What does it take to make unions involving differing religious beliefs succeed?

By Nicole Madigan for The Sydney Morning Herald

Can love conquer all if couples are of different religions? Nicole Madigan talks to three women in multi-faith relationships that work.

Couples also need to be mindful of not moving the faith goalposts along the way.

As Australia continues to diversify as a nation, multi-faith relationships are becoming increasingly common. According to the Australian Bureau of Statistics, about 1 in 10 couples in Australia are now multi-faith. Buddhists are most likely to partner with someone of another faith, followed by Hindus and Jews. Christians and Muslims tend to couple up within their own religion.

There is also a growing number of people who class themselves as "spiritual" or "non-denominational", or hold personal belief systems that align loosely to a particular religion without strict adherence or practice. A quarter of Australian couples involve at least one person with no religion.

Yet many couples underestimate the difficulties that can arise with conflicting faiths, particularly in the early stages of a relationship. "There can be a tendency to minimise areas of potential problems with the view that love can conquer all," says relationship counsellor Susan De Campo.

She advises fledgling couples to tackle the sensitive subjects of personal values and beliefs early on, and to avoid making assumptions about specific religions as not everyone practises their faith in the same manner.

"Conversations about values, beliefs, hopes and dreams should occur in the early days, and the best way to broach the subject is within a framework of respectful curiosity," De Campo says. "Conversations about what have been the biggest factors in making you who you are can sometimes reveal the importance of people's religion or faith."

De Campo says that values will ultimately determine whether a multi-faith relationship will flourish or fail. "Views on how children should be raised, gender roles, discipline, what beliefs do you hold about homosexuality, your political views, what are your views about end-of-life issues, fidelity, pornography, what sort of lifestyle activities do you disapprove of, what do you think of people who don't believe the same as you." The answers to these questions can be critical, she says.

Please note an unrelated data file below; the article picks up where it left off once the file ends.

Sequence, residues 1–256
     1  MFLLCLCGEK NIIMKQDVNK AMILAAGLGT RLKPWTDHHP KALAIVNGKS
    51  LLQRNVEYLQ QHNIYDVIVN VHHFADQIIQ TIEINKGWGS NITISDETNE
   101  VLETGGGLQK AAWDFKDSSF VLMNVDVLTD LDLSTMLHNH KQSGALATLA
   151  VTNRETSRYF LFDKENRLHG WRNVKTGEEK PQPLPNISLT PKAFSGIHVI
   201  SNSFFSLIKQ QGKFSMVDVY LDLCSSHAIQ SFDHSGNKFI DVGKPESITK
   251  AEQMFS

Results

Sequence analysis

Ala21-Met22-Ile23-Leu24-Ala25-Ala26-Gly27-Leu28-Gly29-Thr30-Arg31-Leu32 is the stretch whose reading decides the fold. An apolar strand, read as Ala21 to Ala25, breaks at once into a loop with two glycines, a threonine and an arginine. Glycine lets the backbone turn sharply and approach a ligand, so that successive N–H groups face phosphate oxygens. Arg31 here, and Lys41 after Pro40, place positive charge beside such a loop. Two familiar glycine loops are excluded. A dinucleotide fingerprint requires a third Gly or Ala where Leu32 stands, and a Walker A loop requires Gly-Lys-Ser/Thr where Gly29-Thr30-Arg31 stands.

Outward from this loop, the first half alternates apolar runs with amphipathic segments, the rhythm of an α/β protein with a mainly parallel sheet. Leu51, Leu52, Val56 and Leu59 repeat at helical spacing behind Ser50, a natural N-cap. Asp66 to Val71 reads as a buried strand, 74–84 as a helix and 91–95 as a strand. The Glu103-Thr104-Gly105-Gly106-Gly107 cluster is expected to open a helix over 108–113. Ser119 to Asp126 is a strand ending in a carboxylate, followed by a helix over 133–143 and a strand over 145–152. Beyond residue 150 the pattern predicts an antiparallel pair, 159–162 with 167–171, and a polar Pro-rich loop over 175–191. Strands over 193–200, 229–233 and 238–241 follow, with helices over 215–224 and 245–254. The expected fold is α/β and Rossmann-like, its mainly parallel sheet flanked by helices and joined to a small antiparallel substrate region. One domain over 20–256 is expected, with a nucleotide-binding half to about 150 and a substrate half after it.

Multi-faith relationships, she adds, can work if one partner's faith doesn't require them to impose certain values or behaviours on a partner who doesn't subscribe to the same beliefs.

"If, however, someone's belief system requires adherence to certain value based behaviours and the other person in the relationship is unwilling to accept these requirements, then there will invariably be conflict," she says.

Couples also need to be mindful of not moving the faith goalposts along the way: "An issue that was previously agreed upon is now causing conflict because one person has decided it needs to be addressed in a different way."

Ultimately, she says, the success or failure of a multi-faith relationship comes down to one thing: respect.


For Brisbane-based Judith Silva, a Catholic, and her husband Dave, a Punjabi Sikh, it took some time for both of their families to accept they were marrying a person of another faith.

"My parents were staunch Catholics," Silva says. "Practices were passed on for generations. I had a very strict upbringing and I'm also the youngest of six kids, and only one of two girls, so the pressure to marry someone from my own religion and ethnic background was always there. Dave is the eldest son, so the pressure for him to marry within the culture was also very high."

When the pair met at a college cultural event in Singapore in 1986, the connection was instant. Although committed to their faiths, they were determined not to let their religious differences stand in the way.

"We decided early on how we would bridge the diff erences," says Silva. "The biggest challenge for us was ensuring that we had the freedom to practise our own beliefs. We go to church and the temple together." It was also important to them that their parents' upbringing and belief systems were respected, too.

"We appreciate the hard yards they've put in for us," says Silva. "And we've taught our two teenage daughters to practise tolerance, respect and individualism. "I realise now that religion can be an act or a practice. I see an act as a thing you do automatically, a habit. Practice to me is more meaningful, as there's a firmer sense of belief and passion."